On March 14, 2006, the Company announced the creation of a special committee to investigate the company’s stock option grants to its executives and will postpone its filings to the 4th quarter of 2005.

Throughout the following days it has been made clear that during the years 1994-2001 several executives received “backdated” options, meaning that they were given at lower prices than their the true value of the stock at the day of issue. Wall Street Journal (2007) has found the odds for a random selection of these days (which were obviously always at low points) as about 1 to 6 billion.

One of the main implications was that the company would be obliged to review its financial statements of the former six years, since the change of the grant dates has led to two material changes in the company’s financial results: It has decreased the company’s expanse for the benefit it gave to the employees and as a result increased its profits or reduced its losses. The company was soon erased from NASDAQ and now it is traded in the pink sheet’s OTC list.

The SEC and US attorney’s office have commenced a thorough criminal investigation against the company. Executives Alexander (chairmen and CEO), David Kreinberg (CFO) and William Sorin (general counsel) resigned immediately afterwards and later were charged with criminal fraud. In addition to the act of backdating, the subpoena indicated other criminal acts, including that options were granted to at least 35 fictional workers, all were registered under the home address of Alexander’s personal assistant.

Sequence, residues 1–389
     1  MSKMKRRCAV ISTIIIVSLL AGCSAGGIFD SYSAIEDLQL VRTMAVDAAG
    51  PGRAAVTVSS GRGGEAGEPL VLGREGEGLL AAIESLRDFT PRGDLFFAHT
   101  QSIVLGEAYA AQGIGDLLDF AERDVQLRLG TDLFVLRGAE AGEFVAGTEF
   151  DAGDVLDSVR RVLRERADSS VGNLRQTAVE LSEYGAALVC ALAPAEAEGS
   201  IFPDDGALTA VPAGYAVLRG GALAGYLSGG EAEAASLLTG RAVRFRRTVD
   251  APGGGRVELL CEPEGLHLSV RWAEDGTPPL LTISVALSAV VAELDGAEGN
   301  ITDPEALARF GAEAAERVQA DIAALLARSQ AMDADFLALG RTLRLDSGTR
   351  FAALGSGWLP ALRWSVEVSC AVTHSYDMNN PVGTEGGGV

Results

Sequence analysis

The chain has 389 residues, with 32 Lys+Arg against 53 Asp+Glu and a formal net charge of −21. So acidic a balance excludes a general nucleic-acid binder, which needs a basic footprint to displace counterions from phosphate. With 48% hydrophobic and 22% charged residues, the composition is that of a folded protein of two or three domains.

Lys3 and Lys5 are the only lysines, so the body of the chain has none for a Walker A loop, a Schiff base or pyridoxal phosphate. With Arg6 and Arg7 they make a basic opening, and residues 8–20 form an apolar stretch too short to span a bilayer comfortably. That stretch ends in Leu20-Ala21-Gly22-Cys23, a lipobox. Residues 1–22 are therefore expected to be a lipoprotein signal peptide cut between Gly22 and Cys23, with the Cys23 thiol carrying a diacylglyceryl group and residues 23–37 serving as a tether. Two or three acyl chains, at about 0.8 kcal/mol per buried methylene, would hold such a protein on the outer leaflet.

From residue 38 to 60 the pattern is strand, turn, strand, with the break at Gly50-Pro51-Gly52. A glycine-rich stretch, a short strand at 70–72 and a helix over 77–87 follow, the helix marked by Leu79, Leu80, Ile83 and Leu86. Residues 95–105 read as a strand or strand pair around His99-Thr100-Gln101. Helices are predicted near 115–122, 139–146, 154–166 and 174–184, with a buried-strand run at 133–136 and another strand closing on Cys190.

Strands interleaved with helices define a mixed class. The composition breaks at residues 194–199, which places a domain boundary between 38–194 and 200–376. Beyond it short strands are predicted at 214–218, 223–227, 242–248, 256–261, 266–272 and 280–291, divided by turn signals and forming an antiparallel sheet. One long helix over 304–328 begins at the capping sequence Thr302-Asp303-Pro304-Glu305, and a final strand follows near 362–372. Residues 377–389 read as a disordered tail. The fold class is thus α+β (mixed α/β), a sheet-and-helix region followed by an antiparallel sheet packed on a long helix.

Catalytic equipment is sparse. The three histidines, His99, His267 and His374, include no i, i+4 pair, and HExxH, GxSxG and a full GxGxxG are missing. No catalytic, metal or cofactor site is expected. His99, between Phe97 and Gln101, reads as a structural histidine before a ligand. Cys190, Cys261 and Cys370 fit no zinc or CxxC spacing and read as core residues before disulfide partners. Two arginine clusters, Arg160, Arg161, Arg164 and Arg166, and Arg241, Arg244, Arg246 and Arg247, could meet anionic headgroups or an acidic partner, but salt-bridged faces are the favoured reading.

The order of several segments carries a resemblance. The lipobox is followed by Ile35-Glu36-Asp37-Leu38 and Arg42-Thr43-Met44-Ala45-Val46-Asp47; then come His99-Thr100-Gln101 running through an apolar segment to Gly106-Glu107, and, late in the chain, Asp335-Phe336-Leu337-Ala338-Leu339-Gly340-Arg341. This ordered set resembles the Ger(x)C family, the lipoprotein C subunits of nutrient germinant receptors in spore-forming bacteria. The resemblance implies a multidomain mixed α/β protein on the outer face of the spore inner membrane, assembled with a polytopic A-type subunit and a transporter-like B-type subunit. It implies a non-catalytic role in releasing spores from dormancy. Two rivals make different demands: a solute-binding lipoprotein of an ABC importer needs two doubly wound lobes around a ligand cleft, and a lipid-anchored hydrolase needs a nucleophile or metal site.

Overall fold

The criminal charge against the three executives was issued on August 9 2006. The FBI arrested Kreinberg and Sorin the same day and declared Alexander, who did not showed up to court, as fugitive. His investment accounts in the US were frozen. Several months later Alexander was located in Namibia, where his extradition trial is far from its end.

David Kreinberg pleaded guilty and became a witness in Alexander’s extradition trial. Former general counsel Sorin was sentenced to 12 months and one day in prison. He was also fined by 100,000 USD and agreed to pay a 3.1 million USD as compensation to the SEC.

The company has gone through radical changes, but recovered thanks to its strong technological capabilities. Traded over-the-counter, the company does not meet minimal SEC requirements (including financial reports) and therefore considered as relatively risky.

The initial announcement of the company was presumably published after knowing The Wall Street Journal is researching its option granting activities. During the following months the stock lost more than 40 percent of its value at the begging of March. In January 2007 the stock has been removed from the NASDAQ exchange and it is traded under Pink Sheets, after it has already been removed from the NASDAQ 100 and S&P 500 lists. Its current stock price is about 14 USD.

One year after the backdating scandal exploded the company’s March 2007 reports gave interesting insights on the internal implications of unethical behaviour.